1938 | BMW 328
Dettagli del veicoloDati veicolo
Marca BMW Modello 328 Versione 328 Serie di fabbricazione Typ 328 Anno di fabbricazione 1938 Matching numbers Si Per carrozzeria Cabriolet Tipo carrozzeria Roadster Potenza (kW/CV) 59/80 Cilindrata (ccm) 1.971 Cilindri 6 Posizione volante Destra Cambio Manuale Trazione Posteriore Freno anteriore Tamburo Freno posteriore Tamburo Carburante Benzina Colore carrozzeria Argento Colore interni Rosso Materiale interni Altri
- 1938 Frazer Nash BMW 328
- Matching numbers
- 8th overall in 1938 Paris – Nice Trial
- 1of 46 Frazer Nash-BMWs known to survive
- The pre-eminent sports car of its day and an icon of motoring
In 1936, Ernst Henne drove his prototype BMW 328 to victory in the 2-litre class at the annual Eifelrennen event at the Nurburgring, beating a world-class field of entrants including several 1½ litre monopostos. This achievement put BMW on the map and the new 328 model would go on to be one of the most important in the company’s history and the iconic sports car of its age.
As BMW had only been manufacturing cars for 8 years and had only limited resources, the 328 came about more as an evolution of their range rather than a blank starting point. The 328 used the chassis, transverse leafspring independent front suspension and live rear axle from the 319 while the cylinder block and hydraulic brakes would come from the 326. The chassis was, however, hugely advanced; BMW’s chief engineer Fritz Fiedler created a masterpiece that was both stiff and light allowing for softer spring loads. It was clothed in a modern-looking sports body designed by Peter Szymanoski who would go on to become BMW’s chief of design after WWII.
At the heart of the car was a 6-cylinder engine that featured an ingenious new head designed by Rudolf Schleicher. This unit incorporated hemispherical combustion chambers and inclined valves without using overhead or twin camshafts. As mentioned, it used the old 326 engine with its block-mounted camshaft and pushrods but it used two rocker shafts to actuate the valves, one situated above each bank, giving the external impression of a twin overhead camshaft. This gave all the benefits but without the costly redesign of a whole engine. The engine gave a healthy output of 80hp at 5000rpm.
Its sporting credentials were soon being put to the test at racing events all over Europe and the 328 reigned supreme taking more than 100 classic wins in 1937 including the grueling RAC Tourist Trophy. In 1938 it would repeat its class win in the RAC TT as well as class wins in the Alpine Rally and the Millie Miglia. In 1939 it would take the out right win in the RAC Rally as well as coming fifth overall and first in class at the 24 Hours of Le Mans. Finally it would take the outright win in the Millie Miglia in 1940 with a special aerodynamic body as a final flourish before the war. A quite outstanding achievement and it is no wonder that these cars are so desired today.
Between 1936 – 1939 only 464 BMW 328s were produced of which fewer than 200 are know to exist today. In 1934 AFN Ltd. acquired the rights to import BMWs into the UK and these right-hand-drive cars where sold as Frazer Nash-BMWs. In total 48 Frazer Nash-BMW 328s were imported into Britain, some with the Germany body work while other had British coachwork and all but 2 of these cars survive to this day.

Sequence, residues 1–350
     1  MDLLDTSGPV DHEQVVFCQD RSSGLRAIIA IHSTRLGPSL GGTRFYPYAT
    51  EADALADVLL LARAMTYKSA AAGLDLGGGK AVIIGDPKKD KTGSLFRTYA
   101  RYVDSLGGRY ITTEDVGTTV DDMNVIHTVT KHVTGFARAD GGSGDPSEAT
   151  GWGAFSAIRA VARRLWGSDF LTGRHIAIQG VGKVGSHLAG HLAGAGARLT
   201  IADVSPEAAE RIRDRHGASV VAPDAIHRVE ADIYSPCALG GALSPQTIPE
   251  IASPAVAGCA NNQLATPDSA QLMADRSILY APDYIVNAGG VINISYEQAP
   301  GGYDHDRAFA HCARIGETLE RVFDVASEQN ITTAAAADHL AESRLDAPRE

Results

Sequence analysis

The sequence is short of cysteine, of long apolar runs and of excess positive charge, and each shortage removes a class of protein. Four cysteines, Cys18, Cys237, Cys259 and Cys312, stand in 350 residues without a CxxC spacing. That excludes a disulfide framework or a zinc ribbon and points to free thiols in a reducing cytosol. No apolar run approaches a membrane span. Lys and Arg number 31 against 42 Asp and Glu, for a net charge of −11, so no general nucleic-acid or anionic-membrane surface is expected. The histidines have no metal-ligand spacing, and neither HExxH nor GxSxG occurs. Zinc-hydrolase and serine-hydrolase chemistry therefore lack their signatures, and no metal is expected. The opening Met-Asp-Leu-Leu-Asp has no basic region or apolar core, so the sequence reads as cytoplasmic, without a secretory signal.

THIS MOTOR CAR
The Classic Motor Hub is delighted to offer for sale this stunning Frazer Nash BMW 328 chassis #85107. The car was delivered from the factory to AFN London on the 2nd of July 1937, finished in white with black wings. Its first owner, Mr. W.I. Innes of Hawick, Scotland, purchased it on the 27th January 1938 where upon it was given the registration GHX 514. Mr Innes was a keen motorist and he soon had it entered for the Paris Nice Trial in July/August that year. The event was a testing affair starting with flying laps of the ‘Circuit de Vitesse’ at Montlhery, followed by the long road section down through Grenoble, Troyes, Dijon, Beaune, Bourg-en-Bresse before finishing at the ‘Pont-du-Var just on the outskirts of Nice. The cars were then re-examined before two final tests comprising a low speed / acceleration test and finally the La Turbie Hillclimb. #85107 not only completed the trial but it came 1st in class (sub 2000cc) in the La Turbie Hillclimb and 8th overall, an impressive effort!
What happened to the car during the war is unknown but it survived the hostilities safely and photos show it was back racing at Silverstone in 1952. Alexander Britton of Manchester then acquired the car in February 1963 and this BMW 328 had 3 further owners before Peter Lovett bought the car in 1989. He kept this wonderful example for 3 years before selling it to the Richard Wilkinson who has owned the car for the past 28 years.
This elegant car has been meticulously maintained during Richard ownership and there are a huge number of invoices on file showing that this particular Frazer Nash BMW 328 was kept in top condition and always attended to by a top specialists such as TT Workshops and Steve Stanton. On acquiring #85107, Richard had a Bristol gearbox with overdrive installed, a hugely beneficial modification that allows much faster cruising speeds while being gentler on the engine. The body was also given a freshen up by TT Workshops in ‘98/’99 including a respray and a re-trim which remains in excellent condition to this day.
Condizioni & Immatricolazione
Adatto per Mille Miglia Immatricolato Pronta a partire ID veicolo: 200779
Note legali della concessionaria
The Classic Motor Hub
Old Walls, Ablington
GL7 5NX Bibury
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